It has been reported that new cables promise speeds up to 10 million times faster than traditional home cable modems.
But here’s the kicker: there is no increased speed to be found in these submarine cable systems.
When you dive into faster oceanic cable speeds, what you’re actually talking about is an expanded rate expressed in bits per second.
Imagine Internet data as cars traveling down a multi-lane highway of existing submarine cables. New systems add more lanes, allowing more vehicles to drive at the same time without traffic jams, making for a much smoother, more efficient trip for everyone.
All this data, however, travels at the same speed limit: the speed of light. (Or at least close to it.)
But here's the kicker: there is no increased speed to be found in these submarine cable systems.
Rate vs. Speed
So what does it mean when you hear that FASTER is capable of 60 Terabits per second?
Let’s break it down into three important numbers: fiber pairs, wavelengths, and bit rate.
Submarine cable systems are made up of strands of fiber optic cables. Each of FASTER’s six fiber pairs can channel 100 wavelengths, creating a massive 600-lane highway for data to travel.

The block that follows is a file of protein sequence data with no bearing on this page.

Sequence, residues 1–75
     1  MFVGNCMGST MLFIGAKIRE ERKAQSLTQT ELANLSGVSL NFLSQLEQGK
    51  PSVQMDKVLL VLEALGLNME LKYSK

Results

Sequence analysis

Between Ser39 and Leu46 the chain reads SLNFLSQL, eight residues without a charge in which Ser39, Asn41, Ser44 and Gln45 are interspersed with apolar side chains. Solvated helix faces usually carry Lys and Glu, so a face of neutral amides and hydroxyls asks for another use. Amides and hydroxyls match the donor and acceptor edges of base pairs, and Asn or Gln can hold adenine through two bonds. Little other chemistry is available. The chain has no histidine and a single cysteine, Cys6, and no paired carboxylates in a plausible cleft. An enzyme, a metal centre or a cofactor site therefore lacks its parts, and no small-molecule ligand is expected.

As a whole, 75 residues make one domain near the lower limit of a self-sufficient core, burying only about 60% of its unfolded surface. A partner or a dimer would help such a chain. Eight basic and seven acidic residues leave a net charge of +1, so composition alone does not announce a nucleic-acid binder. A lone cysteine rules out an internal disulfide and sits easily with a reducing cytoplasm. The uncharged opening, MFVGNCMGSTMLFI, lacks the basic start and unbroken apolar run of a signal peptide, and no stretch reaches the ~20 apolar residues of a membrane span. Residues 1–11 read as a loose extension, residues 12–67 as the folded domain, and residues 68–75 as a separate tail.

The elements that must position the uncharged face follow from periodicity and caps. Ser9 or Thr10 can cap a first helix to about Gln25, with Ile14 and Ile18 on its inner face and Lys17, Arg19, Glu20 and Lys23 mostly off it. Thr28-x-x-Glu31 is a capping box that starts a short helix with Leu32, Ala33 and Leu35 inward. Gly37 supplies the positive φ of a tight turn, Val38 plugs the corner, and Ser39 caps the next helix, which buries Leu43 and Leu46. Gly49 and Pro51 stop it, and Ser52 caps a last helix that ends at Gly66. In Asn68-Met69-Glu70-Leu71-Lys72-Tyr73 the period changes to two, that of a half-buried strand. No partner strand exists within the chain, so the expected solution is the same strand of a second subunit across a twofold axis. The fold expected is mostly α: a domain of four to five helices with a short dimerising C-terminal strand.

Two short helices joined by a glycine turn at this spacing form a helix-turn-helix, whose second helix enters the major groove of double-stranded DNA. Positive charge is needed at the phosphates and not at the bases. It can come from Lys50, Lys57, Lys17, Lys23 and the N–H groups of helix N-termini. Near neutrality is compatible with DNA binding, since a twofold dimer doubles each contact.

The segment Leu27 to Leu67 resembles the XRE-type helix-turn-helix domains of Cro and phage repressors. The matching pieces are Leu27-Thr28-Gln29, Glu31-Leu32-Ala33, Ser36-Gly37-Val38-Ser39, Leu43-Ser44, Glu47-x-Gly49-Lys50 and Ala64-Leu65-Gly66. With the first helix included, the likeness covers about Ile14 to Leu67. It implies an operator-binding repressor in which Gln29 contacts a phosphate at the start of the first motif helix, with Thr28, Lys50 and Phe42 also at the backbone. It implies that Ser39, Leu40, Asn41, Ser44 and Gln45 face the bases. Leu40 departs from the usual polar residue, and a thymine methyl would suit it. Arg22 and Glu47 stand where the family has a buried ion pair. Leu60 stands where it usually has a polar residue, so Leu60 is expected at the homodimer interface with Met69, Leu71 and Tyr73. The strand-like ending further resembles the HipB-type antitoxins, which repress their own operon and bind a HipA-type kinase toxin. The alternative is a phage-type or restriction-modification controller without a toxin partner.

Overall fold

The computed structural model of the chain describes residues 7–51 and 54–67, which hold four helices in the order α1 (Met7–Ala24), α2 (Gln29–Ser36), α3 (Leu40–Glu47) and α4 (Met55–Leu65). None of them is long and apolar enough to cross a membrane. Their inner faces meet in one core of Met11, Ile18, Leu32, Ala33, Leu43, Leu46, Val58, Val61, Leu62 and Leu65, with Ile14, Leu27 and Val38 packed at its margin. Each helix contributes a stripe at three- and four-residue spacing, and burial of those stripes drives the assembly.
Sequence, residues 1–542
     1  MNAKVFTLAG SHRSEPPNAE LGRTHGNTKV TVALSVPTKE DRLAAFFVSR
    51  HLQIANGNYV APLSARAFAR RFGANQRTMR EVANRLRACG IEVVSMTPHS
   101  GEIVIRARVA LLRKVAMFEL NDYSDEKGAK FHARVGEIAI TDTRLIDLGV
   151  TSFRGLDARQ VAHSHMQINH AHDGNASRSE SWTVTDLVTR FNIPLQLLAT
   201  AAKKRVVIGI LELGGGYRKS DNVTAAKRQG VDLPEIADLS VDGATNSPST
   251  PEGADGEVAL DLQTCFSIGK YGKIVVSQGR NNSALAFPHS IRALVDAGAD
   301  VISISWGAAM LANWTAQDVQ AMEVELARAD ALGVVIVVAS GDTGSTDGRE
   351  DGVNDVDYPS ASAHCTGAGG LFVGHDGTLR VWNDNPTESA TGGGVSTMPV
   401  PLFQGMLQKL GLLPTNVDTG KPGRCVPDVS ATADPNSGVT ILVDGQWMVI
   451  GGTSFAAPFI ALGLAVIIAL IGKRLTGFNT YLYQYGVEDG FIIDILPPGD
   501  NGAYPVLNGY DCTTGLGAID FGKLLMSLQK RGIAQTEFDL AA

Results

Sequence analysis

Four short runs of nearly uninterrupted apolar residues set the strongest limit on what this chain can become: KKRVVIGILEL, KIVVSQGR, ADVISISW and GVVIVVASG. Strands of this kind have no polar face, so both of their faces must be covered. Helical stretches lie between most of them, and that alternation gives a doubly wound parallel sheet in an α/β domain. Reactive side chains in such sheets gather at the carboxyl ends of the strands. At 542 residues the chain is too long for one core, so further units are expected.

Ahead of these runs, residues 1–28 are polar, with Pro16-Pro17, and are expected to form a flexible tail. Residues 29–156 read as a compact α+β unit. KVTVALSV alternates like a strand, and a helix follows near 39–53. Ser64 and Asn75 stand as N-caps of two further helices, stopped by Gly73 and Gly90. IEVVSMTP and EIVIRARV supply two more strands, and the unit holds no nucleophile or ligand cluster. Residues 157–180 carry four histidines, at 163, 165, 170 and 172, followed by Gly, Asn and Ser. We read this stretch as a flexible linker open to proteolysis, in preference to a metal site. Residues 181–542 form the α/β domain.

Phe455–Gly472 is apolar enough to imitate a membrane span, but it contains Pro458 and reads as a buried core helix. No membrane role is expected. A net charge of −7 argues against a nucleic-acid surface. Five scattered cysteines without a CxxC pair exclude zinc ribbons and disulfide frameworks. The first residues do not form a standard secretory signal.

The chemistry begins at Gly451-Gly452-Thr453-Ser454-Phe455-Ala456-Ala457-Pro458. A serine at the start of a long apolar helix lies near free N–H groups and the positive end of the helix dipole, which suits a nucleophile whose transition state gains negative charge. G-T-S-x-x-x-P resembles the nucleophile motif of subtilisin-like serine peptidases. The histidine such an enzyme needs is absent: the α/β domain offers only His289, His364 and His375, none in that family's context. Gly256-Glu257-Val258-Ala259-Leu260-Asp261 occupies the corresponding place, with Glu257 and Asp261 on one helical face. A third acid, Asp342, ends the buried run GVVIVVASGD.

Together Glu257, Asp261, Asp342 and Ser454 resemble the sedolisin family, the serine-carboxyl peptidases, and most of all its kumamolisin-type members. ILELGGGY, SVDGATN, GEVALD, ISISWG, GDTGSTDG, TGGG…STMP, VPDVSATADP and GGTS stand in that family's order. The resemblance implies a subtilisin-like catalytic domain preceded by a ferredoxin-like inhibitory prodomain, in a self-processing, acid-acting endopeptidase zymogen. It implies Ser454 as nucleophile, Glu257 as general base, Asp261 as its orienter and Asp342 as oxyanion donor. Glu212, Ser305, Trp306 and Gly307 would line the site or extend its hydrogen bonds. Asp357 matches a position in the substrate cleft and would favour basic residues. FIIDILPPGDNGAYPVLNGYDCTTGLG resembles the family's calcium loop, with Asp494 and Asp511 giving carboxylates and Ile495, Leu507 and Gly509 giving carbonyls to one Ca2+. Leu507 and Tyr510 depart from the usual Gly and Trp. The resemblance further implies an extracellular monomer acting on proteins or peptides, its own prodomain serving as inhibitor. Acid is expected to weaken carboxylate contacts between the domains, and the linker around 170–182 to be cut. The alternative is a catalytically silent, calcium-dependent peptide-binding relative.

Bitrate is what trips up the general public and some industry insiders. This expanded rate describes how much data can be sent in one second on one of these lanes. The first fiber optic submarine cable systems transmitted a mere .295 Gbps of data per second, compared to FASTER’s 100 Gbps bitrate.
The product of these three numbers describe a submarine cable system’s capacity, which in this case is 6 x 100 x 100 or 60 Tbps.
Staying with our traffic analogy, FASTER’s data is packed on a bus instead of a car, but the bus is traveling within the same speed limit as the car; it’s not going any faster.
Speeding scofflaws aside, the only way to make the trip faster at the same speed is to take a shortcut. But that’s a different cable story.
Erik is Senior Analyst in TeleGeography's pricing team. As part of the team that tracks the global market for enterprise and wholesale network services, Erik manages TeleGeography's bandwidth pricing research, specializing in European and Middle Eastern markets.